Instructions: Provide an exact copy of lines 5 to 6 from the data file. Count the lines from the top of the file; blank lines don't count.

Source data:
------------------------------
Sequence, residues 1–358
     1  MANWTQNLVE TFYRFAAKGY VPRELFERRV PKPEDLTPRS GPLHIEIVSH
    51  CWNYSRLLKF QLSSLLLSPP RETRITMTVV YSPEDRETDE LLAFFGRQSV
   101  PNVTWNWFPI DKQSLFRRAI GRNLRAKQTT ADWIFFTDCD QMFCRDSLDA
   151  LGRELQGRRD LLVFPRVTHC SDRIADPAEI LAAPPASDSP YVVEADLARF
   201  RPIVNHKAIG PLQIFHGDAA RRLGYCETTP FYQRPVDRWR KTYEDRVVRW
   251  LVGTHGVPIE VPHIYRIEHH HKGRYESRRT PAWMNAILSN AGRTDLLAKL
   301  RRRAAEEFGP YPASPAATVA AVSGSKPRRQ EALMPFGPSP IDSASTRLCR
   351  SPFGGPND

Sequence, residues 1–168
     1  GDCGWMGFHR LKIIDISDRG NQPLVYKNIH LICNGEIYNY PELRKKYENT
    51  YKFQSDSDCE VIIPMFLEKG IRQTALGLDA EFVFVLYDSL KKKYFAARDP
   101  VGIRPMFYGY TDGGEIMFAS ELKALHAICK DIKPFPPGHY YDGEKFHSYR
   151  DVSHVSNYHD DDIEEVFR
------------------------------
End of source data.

   151  LGRELQGRRD LLVFPRVTHC SDRIADPAEI LAAPPASDSP YVVEADLARF
   201  RPIVNHKAIG PLQIFHGDAA RRLGYCETTP FYQRPVDRWR KTYEDRVVRW